In a city like Venice, small but also one of the world’s greatest tourist destinations, one would be forgiven for thinking that there are no quiet corners. However, beyond the crowds of the San Marco lies another side to Venice, one frequented by that rare breed, Venetians themselves, as well as the odd adventurous tourist naturally.
Beyond the waterfront, the side canals of the Dorsoduro provide a welcome relief from the tourist hordes. Locals tend to their boats and frequent intimate wine bars in a way that is almost surprising to see in such a living museum as Venice. As one meanders the back canals from the Accademia eastwards, the towering yet intricate Santa Maria della Salute provides an imposing site. Perhaps internally not as luxuriously furnished as some of Venice’s more well known churches, its position near the edge of the Dorsoduro, seemingly perched above anything else, gives it a sense of scale and magnitude that is truly impressive. From its entrance, one is treated to an awe inspiring panorama, taking in the Grand Canal and the iconic sites of St Mark’s Square. Built as a symbol of gratitude to the end of the plague which had a particularly devastating impact on the city, it represents one of Venice’s iconic views from both the land and the water and is well worth a visit.
Once at Santa Maria della Salute, it is a short walk to the furthest point of the Dorsoduro via a narrow canalside walkway. The confluence of the Grand and Giudecca canals represents an absorbing sight. It also enables a detour to Venice’s exciting contemporary art installation at Punta della Dogana, housed in the city’s old Customs House. Courtesy of French billionaire Francois Pinault’s donation to the city, the collection represents more than just another art gallery, but also shows how the city is diversifying and adapting which is encouraging to see in such a historically preserved urban centre as Venice.
The Jewish quarter and its environs in the northern reaches of Venice, is another of these spaces, characterised by narrow canals with an eclectic mix of local bars, restaurants and unassuming residences. Venetians congregate to catch up and socialise on these canalside walkways, and bridges, as one would on an ordinary street corner in any other city. The Jewish quarter, that has given us the term “Ghetto” is a fascinating if not somewhat unassuming part of Venice. It is a testament to Venice’s cosmopolitan history even if the Jewish population of Venice today numbers no more than a few hundred. Whilst it is true that Venice’s population of just over 60,000 has been dwindling for years, with even the most proud of Venetians priced out to mainland Mestre, an exploration beyond the main thoroughfares reveals a city undergoing a slow renaissance with scaffolding and renovation works as many people are moving back into the city, benefitting from government grants and fiscal incentives, encouraging people to return to this historically great city. Indeed, far from fossilising, the city is revealing a surprising dynamism which bodes well for the future.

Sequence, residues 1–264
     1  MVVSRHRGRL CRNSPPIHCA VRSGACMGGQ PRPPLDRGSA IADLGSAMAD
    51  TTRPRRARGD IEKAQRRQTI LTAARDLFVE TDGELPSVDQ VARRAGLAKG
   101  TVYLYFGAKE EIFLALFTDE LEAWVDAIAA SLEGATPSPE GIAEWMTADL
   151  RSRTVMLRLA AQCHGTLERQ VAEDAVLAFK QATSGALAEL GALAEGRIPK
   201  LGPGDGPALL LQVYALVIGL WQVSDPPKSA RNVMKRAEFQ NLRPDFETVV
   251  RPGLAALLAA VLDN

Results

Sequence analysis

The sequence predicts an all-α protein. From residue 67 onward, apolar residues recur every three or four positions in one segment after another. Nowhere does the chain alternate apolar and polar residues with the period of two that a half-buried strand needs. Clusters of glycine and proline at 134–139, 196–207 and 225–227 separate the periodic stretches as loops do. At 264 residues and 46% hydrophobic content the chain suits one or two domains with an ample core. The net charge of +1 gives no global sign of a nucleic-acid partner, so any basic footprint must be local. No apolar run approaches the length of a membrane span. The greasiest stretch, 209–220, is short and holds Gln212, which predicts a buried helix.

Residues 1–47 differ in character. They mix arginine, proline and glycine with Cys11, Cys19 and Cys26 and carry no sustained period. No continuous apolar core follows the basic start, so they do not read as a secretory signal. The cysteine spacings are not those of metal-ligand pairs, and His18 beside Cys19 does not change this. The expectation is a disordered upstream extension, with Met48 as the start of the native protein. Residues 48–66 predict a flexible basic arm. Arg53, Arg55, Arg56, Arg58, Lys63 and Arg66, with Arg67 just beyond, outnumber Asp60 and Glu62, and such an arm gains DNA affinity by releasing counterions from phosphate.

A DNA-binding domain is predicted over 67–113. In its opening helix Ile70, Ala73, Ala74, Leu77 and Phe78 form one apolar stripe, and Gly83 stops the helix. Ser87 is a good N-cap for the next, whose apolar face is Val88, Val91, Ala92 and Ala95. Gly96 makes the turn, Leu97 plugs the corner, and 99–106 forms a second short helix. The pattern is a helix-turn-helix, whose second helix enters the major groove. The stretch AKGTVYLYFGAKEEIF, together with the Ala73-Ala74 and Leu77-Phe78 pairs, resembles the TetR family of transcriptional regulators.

Untapped and interesting spaces such as the Arsenale, the former Naval Dockyard, provides modern Venetians the opportunity to stamp their own mark on the city. This area, more akin to London’s Docklands, is home to Venice’s famous Biennale, the annual celebration of art and architecture. Its assortment of warehouses and historic fortifications has so much untapped potential that this could become Venice’s most exciting urban quarter, away from the historically preserved San Marco. It represents one of the few places in the city that can change and develop. The reuse of old traditional spaces such as the Punta della Dogana and the Arsenale represents Venice’s future, creating new spaces and neighbourhoods. Who says that a city such as Venice cannot excite with the new as much as with the old and well preserved?
It is this process of change and adaptation that is also driving Venice’s response to a future of rising sea levels and climate change risk and uncertainty. The city is at the mercy, and increasingly so, of the infamous acqua alta or “high water”. The flooding of St Marks Square has seemingly become a regular event. A boat ride to the edges of Venice reveals large floating platforms, indicative of the flood defence system currently under construction. Venice, far from being a museum piece therefore, is faced with contemporary challenges and is facing these through both dynamism and adaptation which is encouraging to see but also essential for its future.
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